“Masterly. . . . The complexities of Mexico’s ancient cultures are perceptively presented and interpreted.” —Library Journal Michael D. Coe’s Mexico has long been recognized as the most readable and authoritative introduction to the region’s ancient civilizations. This companion to his best-selling The Maya has now been revised by Professor Coe and Rex Koontz. The seventh edition incorporates new findings in a number of disciplines. The solution to the long-standing puzzle of the origin of maize-farming has at last been solved, and spectacular new discoveries shed light on Mexico’s earliest civilization, the Olmec culture. At the great city of Teotihuacan, recent investigations in the earliest monumental pyramid indicate the antiquity of certain sacrificial practices and the symbolism of the pyramid. Expanded information on the Huastec region of the northeastern Gulf of Mexico is included, while discoveries in the sacred precinct of the Aztec capital Tenochtitlan have led to a refined understanding of the history and symbolism of this hallowed area.
Warlords of Ancient MexicoPeter G. Tsouras
Learn the unbelievable true history of the great warrior tribes of Mexico. More than thirteen centuries of incredible spellbinding history are detailed in this intriguing study of the rulers and warriors of Mexico. Dozens of these charismatic leaders of nations and armies are brought to life by the deep research and entertaining storytelling of Peter Tsouras. Tsouras introduces the reader to the colossal personalities of the period: Smoking Frog, the Mexican Machiavelli, the Poet Warlord, the Lion of Anahuac, and others . . . all of them warlords who shaped one of the most significant regions in world history, men who influenced the civilization of half a continent. The warlords of Mexico, for all their fascinating lives and momentous acts, have been largely ignored by writers and historians, but here that disappointing record is put right by a range of detailed biographies that entertain as they inform. Students of the area, historians working in American history, and long-term visitors and tourists to the region will gain a much clearer understanding of the background history of these territories and the men who formed and reformed them. Lavishly illustrated with dozens of photographs and color paintings, Warlords of Ancient Mexico is essential reading for anyone interested in this tumultuous, endlessly captivating period of Central American history. Skyhorse Publishing, as well as our Arcade imprint, are proud to publish a broad range of books for readers interested in history--books about World War II, the Third Reich, Hitler and his henchmen, the JFK assassination, conspiracies, the American Civil War, the American Revolution, gladiators, Vikings, ancient Rome, medieval times, the old West, and much more. While not every title we publish becomes a New York Times bestseller or a national bestseller, we are committed to books on subjects that are sometimes overlooked and to authors whose work might not otherwise find a home.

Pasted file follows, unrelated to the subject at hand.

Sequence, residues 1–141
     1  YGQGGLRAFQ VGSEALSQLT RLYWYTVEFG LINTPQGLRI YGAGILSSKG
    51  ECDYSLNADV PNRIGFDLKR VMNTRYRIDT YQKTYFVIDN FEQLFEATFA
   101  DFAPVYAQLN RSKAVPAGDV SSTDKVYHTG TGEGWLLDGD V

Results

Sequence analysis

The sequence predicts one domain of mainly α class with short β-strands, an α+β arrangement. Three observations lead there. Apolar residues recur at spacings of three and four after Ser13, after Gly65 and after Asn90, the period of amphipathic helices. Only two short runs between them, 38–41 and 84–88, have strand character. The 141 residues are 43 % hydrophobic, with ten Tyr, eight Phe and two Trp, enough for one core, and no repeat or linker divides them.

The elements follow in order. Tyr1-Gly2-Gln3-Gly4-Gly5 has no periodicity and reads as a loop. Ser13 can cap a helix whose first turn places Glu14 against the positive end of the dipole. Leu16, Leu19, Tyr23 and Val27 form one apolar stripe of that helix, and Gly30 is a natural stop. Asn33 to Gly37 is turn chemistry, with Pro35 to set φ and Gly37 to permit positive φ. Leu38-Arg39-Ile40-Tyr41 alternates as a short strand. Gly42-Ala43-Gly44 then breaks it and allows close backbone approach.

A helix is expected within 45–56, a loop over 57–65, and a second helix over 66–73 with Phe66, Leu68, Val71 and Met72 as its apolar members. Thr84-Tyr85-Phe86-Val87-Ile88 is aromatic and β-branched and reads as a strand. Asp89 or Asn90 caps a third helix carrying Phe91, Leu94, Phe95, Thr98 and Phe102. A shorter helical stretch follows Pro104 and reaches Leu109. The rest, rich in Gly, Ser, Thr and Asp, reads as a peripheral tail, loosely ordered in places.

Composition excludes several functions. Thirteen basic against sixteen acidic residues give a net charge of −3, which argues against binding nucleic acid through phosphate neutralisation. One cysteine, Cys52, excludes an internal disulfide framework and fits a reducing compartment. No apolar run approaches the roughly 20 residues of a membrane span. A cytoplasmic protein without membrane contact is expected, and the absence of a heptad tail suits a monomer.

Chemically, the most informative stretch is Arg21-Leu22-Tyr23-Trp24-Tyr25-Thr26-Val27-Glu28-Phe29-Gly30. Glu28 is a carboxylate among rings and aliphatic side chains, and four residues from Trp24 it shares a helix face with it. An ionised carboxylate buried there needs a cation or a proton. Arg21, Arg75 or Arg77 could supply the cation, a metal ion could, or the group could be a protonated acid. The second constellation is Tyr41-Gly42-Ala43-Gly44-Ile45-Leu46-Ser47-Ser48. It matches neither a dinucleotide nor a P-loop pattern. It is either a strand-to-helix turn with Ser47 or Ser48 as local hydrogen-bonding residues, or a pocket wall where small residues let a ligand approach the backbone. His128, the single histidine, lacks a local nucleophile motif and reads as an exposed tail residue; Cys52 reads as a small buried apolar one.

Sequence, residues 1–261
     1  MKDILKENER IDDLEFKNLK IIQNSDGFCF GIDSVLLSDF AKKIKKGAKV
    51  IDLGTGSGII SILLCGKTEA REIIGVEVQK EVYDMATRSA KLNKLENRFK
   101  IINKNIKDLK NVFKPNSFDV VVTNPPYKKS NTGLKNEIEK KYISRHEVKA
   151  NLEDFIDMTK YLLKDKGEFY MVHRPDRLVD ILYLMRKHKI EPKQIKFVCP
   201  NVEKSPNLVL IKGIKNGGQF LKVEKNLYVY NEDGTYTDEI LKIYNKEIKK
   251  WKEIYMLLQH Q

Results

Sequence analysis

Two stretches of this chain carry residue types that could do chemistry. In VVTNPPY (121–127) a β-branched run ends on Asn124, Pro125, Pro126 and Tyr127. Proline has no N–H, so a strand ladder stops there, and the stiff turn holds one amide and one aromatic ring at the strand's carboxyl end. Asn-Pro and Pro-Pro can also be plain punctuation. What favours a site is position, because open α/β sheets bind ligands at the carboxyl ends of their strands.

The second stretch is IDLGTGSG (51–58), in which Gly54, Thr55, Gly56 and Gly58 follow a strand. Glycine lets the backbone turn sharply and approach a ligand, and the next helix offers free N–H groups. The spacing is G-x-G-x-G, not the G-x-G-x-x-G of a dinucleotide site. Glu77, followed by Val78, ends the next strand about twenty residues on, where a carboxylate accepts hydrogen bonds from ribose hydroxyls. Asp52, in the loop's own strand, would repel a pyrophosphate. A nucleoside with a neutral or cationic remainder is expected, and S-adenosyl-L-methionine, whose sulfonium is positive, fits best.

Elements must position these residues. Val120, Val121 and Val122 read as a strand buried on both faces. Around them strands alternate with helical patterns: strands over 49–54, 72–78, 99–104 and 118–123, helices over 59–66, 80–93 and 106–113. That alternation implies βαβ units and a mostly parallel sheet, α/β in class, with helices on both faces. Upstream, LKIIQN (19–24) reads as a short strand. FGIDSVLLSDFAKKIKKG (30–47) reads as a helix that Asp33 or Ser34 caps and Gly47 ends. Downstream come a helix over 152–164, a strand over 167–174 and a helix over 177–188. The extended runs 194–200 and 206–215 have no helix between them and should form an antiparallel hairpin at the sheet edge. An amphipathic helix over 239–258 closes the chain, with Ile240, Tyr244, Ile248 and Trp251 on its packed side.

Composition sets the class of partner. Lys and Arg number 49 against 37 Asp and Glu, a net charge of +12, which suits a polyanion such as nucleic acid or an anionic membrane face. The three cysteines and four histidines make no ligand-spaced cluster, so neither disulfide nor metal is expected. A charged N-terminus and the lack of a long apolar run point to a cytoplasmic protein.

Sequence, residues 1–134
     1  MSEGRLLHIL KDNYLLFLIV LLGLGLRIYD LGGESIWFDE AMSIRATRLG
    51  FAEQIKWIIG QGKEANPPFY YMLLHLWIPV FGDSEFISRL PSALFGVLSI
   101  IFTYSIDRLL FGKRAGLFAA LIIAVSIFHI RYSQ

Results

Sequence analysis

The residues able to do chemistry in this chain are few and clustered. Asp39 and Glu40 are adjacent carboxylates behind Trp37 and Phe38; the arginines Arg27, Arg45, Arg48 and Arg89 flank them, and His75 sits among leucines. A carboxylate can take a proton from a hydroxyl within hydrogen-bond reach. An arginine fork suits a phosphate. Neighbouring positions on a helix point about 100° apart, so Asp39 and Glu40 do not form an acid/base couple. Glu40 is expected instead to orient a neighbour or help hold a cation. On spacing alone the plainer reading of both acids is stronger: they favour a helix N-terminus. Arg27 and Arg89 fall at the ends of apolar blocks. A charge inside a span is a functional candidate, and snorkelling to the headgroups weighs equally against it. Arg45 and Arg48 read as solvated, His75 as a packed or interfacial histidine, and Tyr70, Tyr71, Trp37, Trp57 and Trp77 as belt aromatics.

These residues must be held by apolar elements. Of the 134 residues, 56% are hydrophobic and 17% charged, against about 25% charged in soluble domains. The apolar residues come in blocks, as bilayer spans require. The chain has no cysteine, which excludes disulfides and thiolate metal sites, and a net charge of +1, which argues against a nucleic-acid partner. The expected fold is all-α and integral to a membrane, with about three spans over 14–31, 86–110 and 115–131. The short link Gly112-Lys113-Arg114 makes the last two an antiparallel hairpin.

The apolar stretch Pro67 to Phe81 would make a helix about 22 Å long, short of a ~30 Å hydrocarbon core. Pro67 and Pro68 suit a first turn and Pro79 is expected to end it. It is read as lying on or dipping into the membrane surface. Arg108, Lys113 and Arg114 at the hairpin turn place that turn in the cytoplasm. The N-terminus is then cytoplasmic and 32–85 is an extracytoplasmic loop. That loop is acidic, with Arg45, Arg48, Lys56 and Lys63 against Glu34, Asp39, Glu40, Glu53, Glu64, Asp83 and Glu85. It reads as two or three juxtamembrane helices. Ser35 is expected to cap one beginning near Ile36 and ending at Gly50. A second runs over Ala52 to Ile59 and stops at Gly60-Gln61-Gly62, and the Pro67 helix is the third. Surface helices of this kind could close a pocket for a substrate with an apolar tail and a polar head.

The Maya (Ninth edition)Michael D. Coe & Stephen D. Houston
"The gold standard of introductory books on the ancient Maya." —Expedition The Maya has long been established as the best, most readable introduction to the New World’s greatest ancient civilization. Coe and Houston update this classic by distilling the latest scholarship for the general reader and student. This new edition incorporates the most recent archaeological and epigraphic research, which continues to proceed at a fast pace. Among the finest new discoveries are spectacular stucco sculptures at El Zotz and Holmul, which reveal surprising aspects of Maya royalty and the founding of dynasties. Dramatic refinements in our understanding of the pace of developments of the Maya civilization have led scholars to perceive a pattern of rapid bursts of building and political formation. Other finds include the discovery of the earliest known occupant of the region, the Hoyo Negro girl, recovered from an underwater cavern in the Yucatan peninsula, along with new evidence for the first architecture at Ceibal.